I think the major difference (and the difference which will make all the difference) is that Christian theology is not 'progressive' in the way that modernity imagines. Modernity (on Long's account) envisions a constant process of coming to 'the new' while leaving behind ('overcoming') that which has gone before. This is one reason why speaking of the 'Christian tradition' is helpful, because it situates oneself within a much larger, ongoing historical discourse ("An embodied argument through time" is what A. MacIntyre called it, if I recall.) There is a sense then in which one does not come up with something 'new' in Christian theology -- certainly not for the sake of novelty, at any rate. It seems instead that the Christian seeks to be fitting or appropriate in the given circumstance that she finds herself in, and that this process is one of non-identical repetition, as she seeks to faithfully embody the gospel of Jesus Christ enfleshed in the saints. (Credit for that last phrase, or something like it, goes to AKMA.) That is to say that the inherent translatability of Christianity constantly raises questions for us that demand far more than simple application of unambiguous, universal rules. There is a kind of practical wisdom involved in the kind of translation that the Christian gospel has admitted of since very nearly the beginning. Of course, this a perilous task, one in which we could be wrong, or go wrong. But my major point is that Christianity holds onto the past, cherishes its memory, even as it navigates new and unanticipated embodiments of that tradition.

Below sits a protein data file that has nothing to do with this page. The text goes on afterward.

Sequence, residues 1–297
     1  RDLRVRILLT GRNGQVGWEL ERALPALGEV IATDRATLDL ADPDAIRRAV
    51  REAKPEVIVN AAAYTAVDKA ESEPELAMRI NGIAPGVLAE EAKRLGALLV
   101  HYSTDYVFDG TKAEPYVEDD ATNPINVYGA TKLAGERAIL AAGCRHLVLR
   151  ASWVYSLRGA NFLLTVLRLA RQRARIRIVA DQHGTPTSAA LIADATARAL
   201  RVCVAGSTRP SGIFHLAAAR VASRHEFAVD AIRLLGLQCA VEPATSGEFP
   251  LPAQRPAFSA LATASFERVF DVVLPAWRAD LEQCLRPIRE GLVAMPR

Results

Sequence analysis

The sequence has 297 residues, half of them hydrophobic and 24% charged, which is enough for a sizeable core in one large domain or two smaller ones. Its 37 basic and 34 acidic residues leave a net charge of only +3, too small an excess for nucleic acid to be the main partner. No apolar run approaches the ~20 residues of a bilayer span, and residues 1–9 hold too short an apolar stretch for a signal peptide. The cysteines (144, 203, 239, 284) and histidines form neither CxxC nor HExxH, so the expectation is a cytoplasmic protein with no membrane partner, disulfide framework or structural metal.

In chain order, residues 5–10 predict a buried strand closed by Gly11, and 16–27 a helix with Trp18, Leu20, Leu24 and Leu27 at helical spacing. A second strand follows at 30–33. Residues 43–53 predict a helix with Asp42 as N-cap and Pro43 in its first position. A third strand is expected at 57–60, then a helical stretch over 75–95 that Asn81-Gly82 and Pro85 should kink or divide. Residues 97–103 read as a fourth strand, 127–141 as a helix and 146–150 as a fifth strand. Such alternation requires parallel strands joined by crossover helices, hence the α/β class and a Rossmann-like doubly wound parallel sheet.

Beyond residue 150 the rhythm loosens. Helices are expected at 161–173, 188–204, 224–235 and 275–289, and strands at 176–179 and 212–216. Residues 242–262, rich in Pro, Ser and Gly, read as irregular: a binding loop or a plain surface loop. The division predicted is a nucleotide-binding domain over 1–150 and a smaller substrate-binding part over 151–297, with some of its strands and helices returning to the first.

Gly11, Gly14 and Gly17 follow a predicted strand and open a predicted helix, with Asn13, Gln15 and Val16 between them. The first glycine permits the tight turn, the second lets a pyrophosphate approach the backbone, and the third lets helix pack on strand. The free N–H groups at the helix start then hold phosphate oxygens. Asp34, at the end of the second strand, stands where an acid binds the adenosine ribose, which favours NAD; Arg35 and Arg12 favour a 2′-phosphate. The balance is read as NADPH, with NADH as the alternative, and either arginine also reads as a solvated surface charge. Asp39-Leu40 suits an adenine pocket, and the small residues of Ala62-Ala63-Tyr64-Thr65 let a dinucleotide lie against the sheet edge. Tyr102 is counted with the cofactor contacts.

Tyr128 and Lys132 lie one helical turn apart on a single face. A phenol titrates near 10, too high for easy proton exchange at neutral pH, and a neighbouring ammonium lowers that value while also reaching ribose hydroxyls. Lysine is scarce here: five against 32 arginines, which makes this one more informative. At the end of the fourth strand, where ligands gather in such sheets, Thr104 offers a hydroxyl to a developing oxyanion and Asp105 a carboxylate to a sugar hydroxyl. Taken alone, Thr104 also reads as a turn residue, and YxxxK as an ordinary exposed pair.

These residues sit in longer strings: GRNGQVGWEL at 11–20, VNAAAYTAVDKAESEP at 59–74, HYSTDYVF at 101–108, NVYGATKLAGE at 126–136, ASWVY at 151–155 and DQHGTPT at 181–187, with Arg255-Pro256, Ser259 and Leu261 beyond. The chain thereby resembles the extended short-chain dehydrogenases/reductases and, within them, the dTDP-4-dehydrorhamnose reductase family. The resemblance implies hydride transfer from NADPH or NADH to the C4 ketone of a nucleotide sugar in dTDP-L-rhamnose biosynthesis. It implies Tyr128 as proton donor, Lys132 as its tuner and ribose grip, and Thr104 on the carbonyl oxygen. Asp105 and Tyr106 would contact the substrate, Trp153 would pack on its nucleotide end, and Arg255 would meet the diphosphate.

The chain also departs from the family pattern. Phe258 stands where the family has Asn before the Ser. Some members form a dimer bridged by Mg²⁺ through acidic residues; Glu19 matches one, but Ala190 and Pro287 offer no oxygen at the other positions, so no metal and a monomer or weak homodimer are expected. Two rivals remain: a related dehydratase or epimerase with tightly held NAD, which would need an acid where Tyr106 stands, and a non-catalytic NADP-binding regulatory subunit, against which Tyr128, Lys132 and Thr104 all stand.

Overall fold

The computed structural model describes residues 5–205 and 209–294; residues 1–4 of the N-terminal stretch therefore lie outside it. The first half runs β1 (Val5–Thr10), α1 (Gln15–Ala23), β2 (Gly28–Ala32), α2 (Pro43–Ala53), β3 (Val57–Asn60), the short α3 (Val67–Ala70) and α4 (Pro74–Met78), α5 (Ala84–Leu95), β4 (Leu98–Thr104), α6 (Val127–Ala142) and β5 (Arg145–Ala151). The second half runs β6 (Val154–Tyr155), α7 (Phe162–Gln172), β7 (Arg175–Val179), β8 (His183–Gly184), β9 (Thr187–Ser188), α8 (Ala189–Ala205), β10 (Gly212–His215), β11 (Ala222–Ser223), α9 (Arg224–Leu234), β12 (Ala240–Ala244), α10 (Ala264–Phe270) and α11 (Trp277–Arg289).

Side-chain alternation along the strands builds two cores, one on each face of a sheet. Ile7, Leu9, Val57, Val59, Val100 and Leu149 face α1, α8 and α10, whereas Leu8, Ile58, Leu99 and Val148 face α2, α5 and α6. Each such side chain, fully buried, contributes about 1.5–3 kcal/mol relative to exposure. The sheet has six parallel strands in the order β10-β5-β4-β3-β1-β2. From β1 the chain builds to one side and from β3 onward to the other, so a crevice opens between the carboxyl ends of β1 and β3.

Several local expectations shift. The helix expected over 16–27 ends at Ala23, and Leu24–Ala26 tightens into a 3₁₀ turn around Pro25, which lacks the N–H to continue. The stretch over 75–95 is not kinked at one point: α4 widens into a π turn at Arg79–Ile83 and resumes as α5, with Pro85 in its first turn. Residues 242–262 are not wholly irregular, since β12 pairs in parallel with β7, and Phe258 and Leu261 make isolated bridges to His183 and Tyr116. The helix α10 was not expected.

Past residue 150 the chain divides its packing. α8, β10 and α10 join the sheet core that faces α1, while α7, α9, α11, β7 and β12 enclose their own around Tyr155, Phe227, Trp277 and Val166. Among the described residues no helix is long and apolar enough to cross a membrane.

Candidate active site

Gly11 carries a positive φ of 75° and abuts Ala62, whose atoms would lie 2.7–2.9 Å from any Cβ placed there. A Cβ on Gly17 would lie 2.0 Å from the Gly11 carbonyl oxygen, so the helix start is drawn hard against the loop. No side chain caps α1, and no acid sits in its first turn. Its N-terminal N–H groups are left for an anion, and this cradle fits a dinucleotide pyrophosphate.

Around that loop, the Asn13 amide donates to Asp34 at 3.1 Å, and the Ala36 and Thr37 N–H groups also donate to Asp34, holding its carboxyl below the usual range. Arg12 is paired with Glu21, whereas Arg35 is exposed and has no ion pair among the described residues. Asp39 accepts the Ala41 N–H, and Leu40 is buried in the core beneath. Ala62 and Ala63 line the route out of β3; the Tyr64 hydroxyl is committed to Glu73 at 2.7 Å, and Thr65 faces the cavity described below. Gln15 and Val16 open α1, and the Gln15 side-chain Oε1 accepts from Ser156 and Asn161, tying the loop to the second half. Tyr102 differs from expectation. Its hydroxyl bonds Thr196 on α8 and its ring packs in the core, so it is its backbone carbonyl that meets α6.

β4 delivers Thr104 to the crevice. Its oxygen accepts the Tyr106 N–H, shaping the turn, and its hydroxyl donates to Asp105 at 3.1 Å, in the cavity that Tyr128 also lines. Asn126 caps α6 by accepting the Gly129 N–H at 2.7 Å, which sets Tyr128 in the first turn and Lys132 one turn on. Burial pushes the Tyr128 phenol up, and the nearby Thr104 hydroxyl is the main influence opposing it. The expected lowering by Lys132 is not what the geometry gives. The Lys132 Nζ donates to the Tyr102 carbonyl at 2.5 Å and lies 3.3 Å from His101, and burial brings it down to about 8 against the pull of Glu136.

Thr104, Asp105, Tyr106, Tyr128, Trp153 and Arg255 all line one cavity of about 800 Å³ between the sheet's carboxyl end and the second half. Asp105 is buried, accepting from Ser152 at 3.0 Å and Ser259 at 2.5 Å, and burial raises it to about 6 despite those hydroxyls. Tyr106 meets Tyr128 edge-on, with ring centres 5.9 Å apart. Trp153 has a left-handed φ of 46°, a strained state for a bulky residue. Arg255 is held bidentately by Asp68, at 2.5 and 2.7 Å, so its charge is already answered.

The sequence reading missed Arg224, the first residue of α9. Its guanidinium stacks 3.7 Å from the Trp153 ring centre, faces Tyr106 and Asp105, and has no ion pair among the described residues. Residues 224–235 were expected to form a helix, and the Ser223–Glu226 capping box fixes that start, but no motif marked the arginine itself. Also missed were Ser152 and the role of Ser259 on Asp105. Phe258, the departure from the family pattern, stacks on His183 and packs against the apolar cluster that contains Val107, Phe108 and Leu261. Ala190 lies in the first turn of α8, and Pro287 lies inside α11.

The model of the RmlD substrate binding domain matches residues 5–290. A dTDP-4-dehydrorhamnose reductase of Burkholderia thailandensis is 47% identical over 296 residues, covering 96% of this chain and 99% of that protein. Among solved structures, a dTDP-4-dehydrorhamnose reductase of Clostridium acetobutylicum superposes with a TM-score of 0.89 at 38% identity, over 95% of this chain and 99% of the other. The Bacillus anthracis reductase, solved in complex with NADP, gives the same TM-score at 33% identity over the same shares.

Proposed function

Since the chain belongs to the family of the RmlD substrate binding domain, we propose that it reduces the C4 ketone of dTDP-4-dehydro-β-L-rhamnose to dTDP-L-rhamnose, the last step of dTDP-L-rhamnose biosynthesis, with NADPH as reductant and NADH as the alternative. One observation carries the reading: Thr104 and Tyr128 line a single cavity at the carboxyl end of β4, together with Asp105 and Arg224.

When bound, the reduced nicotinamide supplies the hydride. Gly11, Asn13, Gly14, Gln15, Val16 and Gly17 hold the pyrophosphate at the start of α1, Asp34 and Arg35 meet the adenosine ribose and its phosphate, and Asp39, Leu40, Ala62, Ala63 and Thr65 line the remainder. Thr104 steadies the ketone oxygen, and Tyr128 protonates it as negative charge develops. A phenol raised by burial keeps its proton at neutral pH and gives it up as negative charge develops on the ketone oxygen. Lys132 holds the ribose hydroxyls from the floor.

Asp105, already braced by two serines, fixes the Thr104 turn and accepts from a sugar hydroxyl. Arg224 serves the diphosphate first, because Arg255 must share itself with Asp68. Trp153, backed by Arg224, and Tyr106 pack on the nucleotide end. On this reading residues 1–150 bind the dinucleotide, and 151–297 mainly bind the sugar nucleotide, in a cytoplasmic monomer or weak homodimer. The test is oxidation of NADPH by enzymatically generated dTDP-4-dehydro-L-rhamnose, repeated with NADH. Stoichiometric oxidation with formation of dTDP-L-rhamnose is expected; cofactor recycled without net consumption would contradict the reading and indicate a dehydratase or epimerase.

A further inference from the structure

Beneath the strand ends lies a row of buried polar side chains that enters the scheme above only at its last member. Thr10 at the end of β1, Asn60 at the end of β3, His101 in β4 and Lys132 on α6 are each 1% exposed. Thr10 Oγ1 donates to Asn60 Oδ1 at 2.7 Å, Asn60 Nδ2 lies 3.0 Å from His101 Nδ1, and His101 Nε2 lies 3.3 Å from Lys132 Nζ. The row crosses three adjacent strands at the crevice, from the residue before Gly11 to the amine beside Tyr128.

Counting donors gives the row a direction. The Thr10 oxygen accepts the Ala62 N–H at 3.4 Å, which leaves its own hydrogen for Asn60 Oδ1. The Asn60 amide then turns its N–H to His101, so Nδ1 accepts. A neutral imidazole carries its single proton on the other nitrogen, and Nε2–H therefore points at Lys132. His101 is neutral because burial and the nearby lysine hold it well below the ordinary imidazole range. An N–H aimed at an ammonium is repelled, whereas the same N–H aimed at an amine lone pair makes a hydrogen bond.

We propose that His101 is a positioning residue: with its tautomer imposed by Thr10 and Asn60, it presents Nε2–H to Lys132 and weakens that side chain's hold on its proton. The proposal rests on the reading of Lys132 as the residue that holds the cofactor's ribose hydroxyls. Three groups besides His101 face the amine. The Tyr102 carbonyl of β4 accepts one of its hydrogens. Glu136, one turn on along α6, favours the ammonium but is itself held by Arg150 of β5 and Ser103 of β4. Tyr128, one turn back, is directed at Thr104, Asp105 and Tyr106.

More specifically dealing with eschatology, the Christian endtimes are not actually involved in this dialectic of absence and presence. Christ's return is not something 'new' but the completion of something 'old'. Moreover, while the eschaton does seem mysteriously deferred, and is, in ways, an as-yet absent future, it is not eternally absent, not by design. One day things will come together in a way surprising yet congruent with how Scripture imagines it (I take something like this to be the Christian hope), and the future will no longer be deferred or absent.